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"Several polynomial time computable metrics on the class of semibinary treesibling time consistent phylogenetic networks are available in the literature; in particular, the problem of deciding if two networks of this kind are isomorphic is in P. In this paper, we show that if we remove the semibinarity condition, then the problem becomes much harder. More precisely, we prove that the isomorphism problem for generic treesibling time consistent phylogenetic networks is polynomially equivalent to the graph isomorphism problem. Since the latter is believed not to belong to P, the chances are that it is impossible to define a metric on the class of all treesibling time consistent phylogenetic networks that can be computed in polynomial time. © 2014 Gabriel Cardona et al."









ThiHau Nguyen. Réconciliations: corriger des arbres de gènes et inférer la fiabilité des événements évolutifs. PhD thesis, Université Montpellier 2, France, 2013. Keywords: duplication, explicit network, from rooted trees, heuristic, lateral gene transfer, phylogenetic network, phylogeny, Program Mowgli, Program MowgliNNI, reconstruction. Note: http://www.biumontpellier.fr/florabium/servlet/DocumentFileManager?source=ged&document=ged:IDOCS:247665&resolution=&recordId=theses%3ABIU_THESE%3A1789&file=.







Chris Whidden. Efficient Computation and Application of Maximum Agreement Forests. PhD thesis, Dalhousie University, Canada, 2013. Keywords: agreement forest, explicit network, FPT, from rooted trees, minimum number, phylogenetic network, phylogeny, reconstruction. Note: http://hdl.handle.net/10222/35349.







Hoa Vu,
Francis Chin,
WingKai Hon,
Henry Leung,
Kunihiko Sadakane,
WingKin Sung and
SiuMing Yiu. Reconstructing kReticulated Phylogenetic Network from a Set of Gene Trees. In ISBRA13, Vol. 7875:112124 of LNCS, springer, 2013. Keywords: from rooted trees, kreticulated, phylogenetic network, phylogeny, polynomial, Program ARTNET, Program CMPT, reconstruction. Note: http://grid.cs.gsu.edu/~xguo9/publications/2013_Cloud%20computing%20for%20de%20novo%20metagenomic%20sequence%20assembly.pdf#page=123.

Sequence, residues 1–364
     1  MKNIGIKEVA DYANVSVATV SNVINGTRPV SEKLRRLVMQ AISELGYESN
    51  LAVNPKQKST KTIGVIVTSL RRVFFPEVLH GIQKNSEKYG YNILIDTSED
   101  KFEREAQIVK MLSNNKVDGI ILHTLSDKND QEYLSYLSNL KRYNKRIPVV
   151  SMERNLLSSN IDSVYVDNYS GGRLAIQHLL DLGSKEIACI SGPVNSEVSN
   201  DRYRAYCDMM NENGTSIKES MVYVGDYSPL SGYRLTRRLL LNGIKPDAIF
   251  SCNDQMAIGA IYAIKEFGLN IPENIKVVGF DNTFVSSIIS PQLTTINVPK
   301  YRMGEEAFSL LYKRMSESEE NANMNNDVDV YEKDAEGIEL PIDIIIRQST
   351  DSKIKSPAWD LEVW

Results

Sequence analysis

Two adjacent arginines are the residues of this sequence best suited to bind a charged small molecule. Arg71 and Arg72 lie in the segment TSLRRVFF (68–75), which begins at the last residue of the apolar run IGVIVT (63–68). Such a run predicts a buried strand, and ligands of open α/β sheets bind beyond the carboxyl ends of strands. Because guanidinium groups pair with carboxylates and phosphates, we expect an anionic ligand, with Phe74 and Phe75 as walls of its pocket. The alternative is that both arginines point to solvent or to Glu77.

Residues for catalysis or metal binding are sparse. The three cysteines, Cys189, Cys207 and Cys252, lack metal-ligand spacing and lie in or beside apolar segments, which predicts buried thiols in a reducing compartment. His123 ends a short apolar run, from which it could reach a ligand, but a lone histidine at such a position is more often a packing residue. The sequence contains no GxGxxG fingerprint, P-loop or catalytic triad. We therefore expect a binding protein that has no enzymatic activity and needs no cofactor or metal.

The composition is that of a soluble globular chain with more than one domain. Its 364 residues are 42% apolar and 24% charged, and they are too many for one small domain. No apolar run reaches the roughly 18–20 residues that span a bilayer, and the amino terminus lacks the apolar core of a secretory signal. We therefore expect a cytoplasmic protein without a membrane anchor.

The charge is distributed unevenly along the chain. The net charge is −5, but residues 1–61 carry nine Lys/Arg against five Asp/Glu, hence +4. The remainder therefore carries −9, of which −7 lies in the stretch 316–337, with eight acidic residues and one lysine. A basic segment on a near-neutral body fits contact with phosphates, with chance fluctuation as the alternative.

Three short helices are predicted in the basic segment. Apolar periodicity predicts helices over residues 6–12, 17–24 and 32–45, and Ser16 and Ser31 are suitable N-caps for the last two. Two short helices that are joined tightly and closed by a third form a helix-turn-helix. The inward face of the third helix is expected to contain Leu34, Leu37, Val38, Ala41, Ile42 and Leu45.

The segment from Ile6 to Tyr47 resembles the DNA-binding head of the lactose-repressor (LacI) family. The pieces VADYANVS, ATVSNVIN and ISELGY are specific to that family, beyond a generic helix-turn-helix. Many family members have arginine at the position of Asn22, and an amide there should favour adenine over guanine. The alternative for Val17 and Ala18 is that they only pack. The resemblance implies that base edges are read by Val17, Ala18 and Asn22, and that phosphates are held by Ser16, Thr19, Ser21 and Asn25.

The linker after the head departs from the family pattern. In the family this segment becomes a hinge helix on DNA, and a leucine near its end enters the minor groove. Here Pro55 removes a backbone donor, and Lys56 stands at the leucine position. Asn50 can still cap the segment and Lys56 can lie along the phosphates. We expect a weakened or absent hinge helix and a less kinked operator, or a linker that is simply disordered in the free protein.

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"The time complexity of existing algorithms for reconstructing a levelx phylogenetic network increases exponentially in x. In this paper, we propose a new classification of phylogenetic networks called kreticulated network. A kreticulated network can model all levelk networks and some levelx networks with x > k. We design algorithms for reconstructing kreticulated network (k = 1 or 2) with minimum number of hybrid nodes from a set of m binary trees, each with n leaves in O(mn 2) time. The implication is that some levelx networks with x > k can now be reconstructed in a faster way. We implemented our algorithm (ARTNET) and compared it with CMPT. We show that ARTNET outperforms CMPT in terms of running time and accuracy. We also consider the case when there does not exist a 2reticulated network for the input trees. We present an algorithm computing a maximum subset of the species set so that a new set of subtrees can be combined into a 2reticulated network. © 2013 SpringerVerlag."







Yufeng Wu. An Algorithm for Constructing Parsimonious Hybridization Networks with Multiple Phylogenetic Trees. In RECOMB13, Vol. 7821:291303 of LNCS, springer, 2013. Keywords: explicit network, exponential algorithm, from rooted trees, phylogenetic network, phylogeny, Program PIRN, reconstruction. Note: http://www.engr.uconn.edu/~ywu/Papers/ExactNetRecomb2013.pdf.
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"Phylogenetic network is a model for reticulate evolution. Hybridization network is one type of phylogenetic network for a set of discordant gene trees, and "displays" each gene tree. A central computational problem on hybridization networks is: given a set of gene trees, reconstruct the minimum (i.e. most parsimonious) hybridization network that displays each given gene tree. This problem is known to be NPhard, and existing approaches for this problem are either heuristics or make simplifying assumptions (e.g. work with only two input trees or assume some topological properties). In this paper, we develop an exact algorithm (called PIRNC ) for inferring the minimum hybridization networks from multiple gene trees. The PIRNC algorithm does not rely on structural assumptions. To the best of our knowledge, PIRN C is the first exact algorithm for this formulation. When the number of reticulation events is relatively small (say four or fewer), PIRNC runs reasonably efficient even for moderately large datasets. For building more complex networks, we also develop a heuristic version of PIRNC called PIRNCH. Simulation shows that PIRNCH usually produces networks with fewer reticulation events than those by an existing method. © 2013 SpringerVerlag."



Mukul S. Bansal,
Eric J. Alm and
Manolis Kellis. Reconciliation Revisited: Handling Multiple Optima when Reconciling with Duplication, Transfer, and Loss. In RECOMB13, Vol. 7821:113 of LNCS, springer, 2013. Keywords: duplication, from rooted trees, from species tree, loss, phylogenetic network, phylogeny, polynomial, Program RANGERDTL, reconstruction. Note: http://people.csail.mit.edu/mukul/Bansal_RECOMB2013.pdf.